When one talks of robotics in the context of automobile production, one invariably thinks of the ungainly metal arms busily swinging from side to side on the assembly line, welding and bolting and putting bits of a car together. But there is an other side to the relationship between car makers and the field of robotics, one that is much more sophisticated and, at least for now, entirely Japanese.
If you have been to one of those big technology shows such as CES in Las Vegas, you have noticed that while some of the big European auto brands turn up with a new infotainment system they are way too proud of, the Japanese manufacturers, namely Honda and Toyota, quietly wow the crowd with their humanoid robots, capable of walking and talking and interacting with people. Now, one might wonder why should a car maker care about humanoid robots, or the this aspect of the robotic sciences, at all. And that is the question here. Why are Honda and Toyota investing so much in these things and keep coming up with ever more sophisticated, ever more human-like, machines? And are other car makers missing out not taking part?
It appears the Japanese are not content with replacing human workers in factories with robots, they want to replace humans everywhere wholesale!
It is kind of natural for the automakers to take the lead in this matter, when you think about it, because they are industry giants with almost limitless resources, worldwide connections, and a team of some of the best minds in the world in their R&D departments. What’s more, they have the facilities for making the motors and actuators and lightweight body components, as well as electrical systems, needed to make these robots. Another important aspect of this is Artificial Intelligence, which is the cornerstone of advanced robotics. You can make your robot as man-like as you want. But as long as its remote-controlled and cannot think for itself it is hardly scarcely more than just a toy.
AI is becoming increasingly important in all walks of life and especially in the auto industry with the whole autonomous revolution. This alone could put car makers with a strong robotics program ahead of others. But even that does not fully explain Honda’s and Toyota’s obsession with humanoid robots. Maybe their car business is just cover for a secret robotics project with the ultimate aim of assembling a robot army to take over the world!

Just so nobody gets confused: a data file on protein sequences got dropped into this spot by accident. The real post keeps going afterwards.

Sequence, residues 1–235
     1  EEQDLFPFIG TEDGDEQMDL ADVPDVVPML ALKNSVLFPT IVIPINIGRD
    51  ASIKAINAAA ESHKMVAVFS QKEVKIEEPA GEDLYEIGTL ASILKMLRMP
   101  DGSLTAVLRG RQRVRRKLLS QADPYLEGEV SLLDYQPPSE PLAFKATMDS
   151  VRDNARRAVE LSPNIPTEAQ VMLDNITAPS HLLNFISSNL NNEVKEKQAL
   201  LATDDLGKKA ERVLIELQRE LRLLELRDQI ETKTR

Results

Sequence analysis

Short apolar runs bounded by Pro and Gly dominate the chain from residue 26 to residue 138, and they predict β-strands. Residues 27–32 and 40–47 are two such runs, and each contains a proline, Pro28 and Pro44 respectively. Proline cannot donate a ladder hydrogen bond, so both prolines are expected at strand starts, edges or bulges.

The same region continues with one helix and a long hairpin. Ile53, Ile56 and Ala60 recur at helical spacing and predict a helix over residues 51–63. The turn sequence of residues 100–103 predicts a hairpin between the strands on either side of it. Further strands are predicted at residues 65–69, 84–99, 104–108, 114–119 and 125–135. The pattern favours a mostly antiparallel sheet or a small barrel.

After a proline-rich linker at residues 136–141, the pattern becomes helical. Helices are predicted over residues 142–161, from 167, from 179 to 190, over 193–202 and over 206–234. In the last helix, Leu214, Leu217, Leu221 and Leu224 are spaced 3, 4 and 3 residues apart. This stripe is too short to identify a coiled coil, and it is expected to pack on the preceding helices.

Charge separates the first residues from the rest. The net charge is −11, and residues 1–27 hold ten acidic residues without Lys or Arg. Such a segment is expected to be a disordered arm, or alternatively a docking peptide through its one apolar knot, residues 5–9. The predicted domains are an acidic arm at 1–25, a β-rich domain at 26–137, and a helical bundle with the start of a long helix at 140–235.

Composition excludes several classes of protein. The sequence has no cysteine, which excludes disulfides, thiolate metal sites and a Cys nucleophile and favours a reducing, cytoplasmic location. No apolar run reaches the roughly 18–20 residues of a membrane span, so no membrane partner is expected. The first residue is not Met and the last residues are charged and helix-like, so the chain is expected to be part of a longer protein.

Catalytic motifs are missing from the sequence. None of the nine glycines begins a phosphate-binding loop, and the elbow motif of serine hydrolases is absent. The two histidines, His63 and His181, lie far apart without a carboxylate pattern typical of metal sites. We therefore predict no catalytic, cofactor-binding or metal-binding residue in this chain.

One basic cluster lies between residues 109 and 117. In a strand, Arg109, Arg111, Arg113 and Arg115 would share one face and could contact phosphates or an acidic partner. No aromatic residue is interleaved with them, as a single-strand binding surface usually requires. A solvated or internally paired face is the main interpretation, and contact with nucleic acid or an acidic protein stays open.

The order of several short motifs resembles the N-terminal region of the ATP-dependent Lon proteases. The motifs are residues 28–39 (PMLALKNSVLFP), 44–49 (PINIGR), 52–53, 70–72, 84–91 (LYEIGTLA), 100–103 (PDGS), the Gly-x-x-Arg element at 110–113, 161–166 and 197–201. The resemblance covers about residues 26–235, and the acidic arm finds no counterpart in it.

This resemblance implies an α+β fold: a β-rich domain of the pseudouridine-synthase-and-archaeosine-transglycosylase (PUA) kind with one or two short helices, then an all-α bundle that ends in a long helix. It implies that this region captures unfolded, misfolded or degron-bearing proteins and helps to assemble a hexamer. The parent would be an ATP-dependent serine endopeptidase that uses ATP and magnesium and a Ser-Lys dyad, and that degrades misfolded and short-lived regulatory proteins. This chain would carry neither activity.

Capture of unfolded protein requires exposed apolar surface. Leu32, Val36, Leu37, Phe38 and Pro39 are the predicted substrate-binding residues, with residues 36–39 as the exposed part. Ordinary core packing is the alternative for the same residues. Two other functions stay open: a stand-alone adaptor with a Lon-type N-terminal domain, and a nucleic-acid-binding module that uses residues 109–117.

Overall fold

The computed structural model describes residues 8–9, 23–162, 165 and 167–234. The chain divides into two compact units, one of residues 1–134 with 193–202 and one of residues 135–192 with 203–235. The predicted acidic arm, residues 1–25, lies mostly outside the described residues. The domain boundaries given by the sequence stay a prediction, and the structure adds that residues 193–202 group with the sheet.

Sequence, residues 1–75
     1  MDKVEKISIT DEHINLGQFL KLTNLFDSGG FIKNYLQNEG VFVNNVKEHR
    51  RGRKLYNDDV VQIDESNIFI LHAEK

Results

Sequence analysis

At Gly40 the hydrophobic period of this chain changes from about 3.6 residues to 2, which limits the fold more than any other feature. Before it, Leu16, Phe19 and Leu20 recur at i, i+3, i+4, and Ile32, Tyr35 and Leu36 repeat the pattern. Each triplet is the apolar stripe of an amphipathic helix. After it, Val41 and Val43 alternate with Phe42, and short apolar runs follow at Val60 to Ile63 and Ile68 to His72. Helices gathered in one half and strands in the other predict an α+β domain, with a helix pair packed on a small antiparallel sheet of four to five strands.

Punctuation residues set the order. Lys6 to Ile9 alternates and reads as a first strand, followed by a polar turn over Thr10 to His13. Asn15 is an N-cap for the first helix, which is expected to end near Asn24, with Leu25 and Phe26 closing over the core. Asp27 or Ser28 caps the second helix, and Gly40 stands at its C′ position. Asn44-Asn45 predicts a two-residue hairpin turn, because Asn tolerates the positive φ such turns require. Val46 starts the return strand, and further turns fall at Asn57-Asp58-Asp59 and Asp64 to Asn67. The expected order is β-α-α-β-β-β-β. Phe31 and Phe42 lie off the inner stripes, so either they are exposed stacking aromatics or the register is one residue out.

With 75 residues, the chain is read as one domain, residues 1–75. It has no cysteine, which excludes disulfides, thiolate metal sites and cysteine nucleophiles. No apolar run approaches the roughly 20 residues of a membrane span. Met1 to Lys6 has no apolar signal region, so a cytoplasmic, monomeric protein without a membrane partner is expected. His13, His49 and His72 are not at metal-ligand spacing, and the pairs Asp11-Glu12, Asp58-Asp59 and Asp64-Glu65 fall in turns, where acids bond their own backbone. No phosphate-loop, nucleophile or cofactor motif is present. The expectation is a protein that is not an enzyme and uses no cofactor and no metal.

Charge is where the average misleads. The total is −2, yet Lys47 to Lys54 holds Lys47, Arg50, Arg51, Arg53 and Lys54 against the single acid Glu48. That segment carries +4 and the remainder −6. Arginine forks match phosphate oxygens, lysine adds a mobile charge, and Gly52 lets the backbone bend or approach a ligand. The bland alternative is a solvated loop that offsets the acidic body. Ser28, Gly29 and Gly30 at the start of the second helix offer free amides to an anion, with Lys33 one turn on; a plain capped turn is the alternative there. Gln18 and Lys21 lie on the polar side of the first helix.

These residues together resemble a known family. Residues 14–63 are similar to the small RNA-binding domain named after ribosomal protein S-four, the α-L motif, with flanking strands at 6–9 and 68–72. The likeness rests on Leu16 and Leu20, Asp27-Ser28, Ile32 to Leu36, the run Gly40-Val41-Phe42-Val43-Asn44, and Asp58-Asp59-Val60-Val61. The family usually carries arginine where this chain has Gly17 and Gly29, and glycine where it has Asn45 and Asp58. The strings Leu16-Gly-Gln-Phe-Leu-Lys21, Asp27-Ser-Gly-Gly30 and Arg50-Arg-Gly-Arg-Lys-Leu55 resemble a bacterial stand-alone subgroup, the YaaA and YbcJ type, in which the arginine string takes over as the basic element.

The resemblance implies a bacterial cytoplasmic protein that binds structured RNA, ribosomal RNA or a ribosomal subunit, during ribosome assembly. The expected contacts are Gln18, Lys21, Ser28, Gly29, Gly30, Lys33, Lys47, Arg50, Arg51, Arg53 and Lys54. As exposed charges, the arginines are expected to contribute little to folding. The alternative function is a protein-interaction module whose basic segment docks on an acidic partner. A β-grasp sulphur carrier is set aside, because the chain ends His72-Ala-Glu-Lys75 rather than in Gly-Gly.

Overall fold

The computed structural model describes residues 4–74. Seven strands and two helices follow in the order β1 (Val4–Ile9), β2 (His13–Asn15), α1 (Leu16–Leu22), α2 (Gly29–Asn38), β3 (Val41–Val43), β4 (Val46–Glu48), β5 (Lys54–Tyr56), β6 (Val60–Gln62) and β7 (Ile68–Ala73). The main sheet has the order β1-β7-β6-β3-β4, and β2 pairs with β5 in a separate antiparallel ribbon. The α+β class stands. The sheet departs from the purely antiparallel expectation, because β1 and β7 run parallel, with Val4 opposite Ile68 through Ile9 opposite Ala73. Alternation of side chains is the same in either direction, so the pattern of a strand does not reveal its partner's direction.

With that disturbing thought let us now check out some of the latest and greatest humanoid robots built by the giant Japanese brands…
Kirobo Mini: This cute little thing is a palm robot measuring only 10cm in height and it’s basically an advanced communication partner. Think of it as a Japanese Siri, only not impersonal. It turns its head toward the person speaking and engages in casual conversation while moving its head and hands. Its compact size means it can be taken just about anywhere. The Kirobo is basically a robot pet that can talk.
Toyota T-HR3: This is more interesting. The T-HR3 is a full humanoid robot in the same vein as Honda ASIMO. Having the same size as a 10 year old, this creature has a full range of motions and is designed to explore and work out the kinks of robot interaction with the real world. It also has a new remote maneuvering system that mirrors user movements to the robot. which makes it pull off some impressive, but at the same time kind of creepy, moves. The video below shows off the capabilities of the T-HR3:
Latest Honda Robotic Concepts: With their humanoid robot game on the lock, Honda is now delving into the field of artificial intelligence, and energy solution. They have come up with a range of new robots, to be shown off at CES 2018, offering a wide range of capabilities:
3E-A18, a companion robotics concept that shows compassion to humans with a variety of facial expressions
3E-B18, a chair-type mobility concept designed for casual use in indoor or outdoor spaces
3E-C18, a small-sized electric mobility concept with multi-functional cargo space
3E-D18, an autonomous off-road vehicle concept with AI designed to support people in a broad range of work activities
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